Reporter beats fan with her microphone after being groped at a football match
When the #MeToo hashtag started trending on social media last year, many people were surprised to find out how common it is to experience sexual assault as a woman - sometimes to the extent that they simply didn't believe it could be so prevalent. For those who had experienced it, though, the widespread nature of abuse and inappropriate behavior really didn't come as a surprise.
Indeed, for a lot of women, sexual assault is just something we've come to see as a fact of life. It shouldn't be that way, but it is.
We're taught to dress "modestly", to be careful when walking home at night, and to basically police ourselves so that someone doesn't take advantage of us or somehow "get the wrong message" when it comes to engaging in sexual contact. But, even after all that, sexual assault still happens (which - here's a thought - might just imply that women aren't actually the problem).
Thankfully, abusers are being called out more and more often these days; sometimes while live on TV.
Maria Fernanda Mora, a news reporter, was presenting live outside the Guadalajara stadium in Mexico this week when a man standing behind her decided to touch her inappropriately.
The local team had just won against Toronto, and so fans were rallying around Mora as she delivered a piece to camera. At first, there were only a couple of men standing beside her. However, as the crowd began to gather, they became rowdy, and a man standing directly behind the reporter could clearly be seen eyeing her up for something.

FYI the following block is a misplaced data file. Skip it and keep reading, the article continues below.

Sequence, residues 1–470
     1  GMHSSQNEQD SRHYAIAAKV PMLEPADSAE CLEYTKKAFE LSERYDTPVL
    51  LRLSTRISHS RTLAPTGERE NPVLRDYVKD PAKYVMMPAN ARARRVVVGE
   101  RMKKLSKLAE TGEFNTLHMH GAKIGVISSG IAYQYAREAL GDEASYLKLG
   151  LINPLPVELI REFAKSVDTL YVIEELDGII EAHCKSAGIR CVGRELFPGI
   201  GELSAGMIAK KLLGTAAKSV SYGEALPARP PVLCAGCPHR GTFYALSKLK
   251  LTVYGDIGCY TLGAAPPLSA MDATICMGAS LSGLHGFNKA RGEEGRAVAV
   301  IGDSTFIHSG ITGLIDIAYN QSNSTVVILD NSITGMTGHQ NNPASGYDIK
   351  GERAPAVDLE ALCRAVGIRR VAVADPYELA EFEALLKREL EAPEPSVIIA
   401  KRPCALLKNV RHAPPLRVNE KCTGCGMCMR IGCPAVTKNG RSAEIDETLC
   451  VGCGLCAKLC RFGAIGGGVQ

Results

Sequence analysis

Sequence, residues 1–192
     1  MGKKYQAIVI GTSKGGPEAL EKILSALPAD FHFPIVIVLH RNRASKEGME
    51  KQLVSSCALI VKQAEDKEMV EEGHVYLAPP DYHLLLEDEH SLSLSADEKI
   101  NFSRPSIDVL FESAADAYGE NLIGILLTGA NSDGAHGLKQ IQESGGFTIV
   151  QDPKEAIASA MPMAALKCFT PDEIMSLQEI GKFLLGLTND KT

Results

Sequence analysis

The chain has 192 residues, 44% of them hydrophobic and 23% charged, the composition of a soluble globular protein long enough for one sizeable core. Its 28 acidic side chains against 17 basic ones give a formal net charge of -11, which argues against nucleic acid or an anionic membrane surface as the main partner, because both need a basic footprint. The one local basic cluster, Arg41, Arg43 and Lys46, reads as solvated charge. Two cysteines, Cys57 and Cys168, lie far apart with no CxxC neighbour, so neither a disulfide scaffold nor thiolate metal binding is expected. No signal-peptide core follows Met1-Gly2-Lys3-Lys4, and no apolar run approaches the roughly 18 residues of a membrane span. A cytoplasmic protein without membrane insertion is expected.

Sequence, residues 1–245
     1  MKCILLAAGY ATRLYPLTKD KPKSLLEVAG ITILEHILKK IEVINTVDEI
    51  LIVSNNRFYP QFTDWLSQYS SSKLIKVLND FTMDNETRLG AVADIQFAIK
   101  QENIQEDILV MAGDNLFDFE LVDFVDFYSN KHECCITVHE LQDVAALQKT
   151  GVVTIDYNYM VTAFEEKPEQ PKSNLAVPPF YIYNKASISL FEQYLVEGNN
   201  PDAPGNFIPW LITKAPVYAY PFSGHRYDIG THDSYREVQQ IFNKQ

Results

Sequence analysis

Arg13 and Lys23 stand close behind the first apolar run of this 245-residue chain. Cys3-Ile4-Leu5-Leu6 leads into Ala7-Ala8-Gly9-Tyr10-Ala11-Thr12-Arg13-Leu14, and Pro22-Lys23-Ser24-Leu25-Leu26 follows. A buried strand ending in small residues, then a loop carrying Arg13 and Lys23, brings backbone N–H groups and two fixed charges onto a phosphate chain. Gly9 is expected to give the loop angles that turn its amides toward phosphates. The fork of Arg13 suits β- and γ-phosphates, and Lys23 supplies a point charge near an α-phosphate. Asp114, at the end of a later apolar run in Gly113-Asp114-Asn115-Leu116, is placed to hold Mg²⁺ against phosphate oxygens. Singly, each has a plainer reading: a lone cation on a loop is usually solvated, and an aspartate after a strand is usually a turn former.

Then, almost without warning, Mora cut herself off in order to turn around and push the man and hit him with her microphone.
At first, nobody was sure what exactly had transpired. However, as the reporter looked visibly distressed after the altercation, it soon became clear that he had done something to upset her.
In a statement on Twitter, Mora defended her actions:
"What happened to me at dawn on Thursday, happens to thousands of women every day in public spaces," she said. "The difference is that it happened to me during a live link on television and I decided to defend myself. My reaction is what turned the fact into something viral.
"I thought, It could be an accidental rubbing because of people’s pushing and I kept talking to the camera. This guy, emboldened because I did not react and kept doing my job, put his hand between my buttocks twice more. I decided to defend myself."
Her original reaction and the subsequent statement that followed very quickly went viral, urging several other high profile presenters in Mexico to come forward in support of Mora.
Obviously, to see such a strong reaction on live TV must have been pretty jarring for viewers - not to mention traumatic for Mora herself; but, hopefully, the incident has proven to people that sexual assault is a real problem, and women are not standing for it anymore.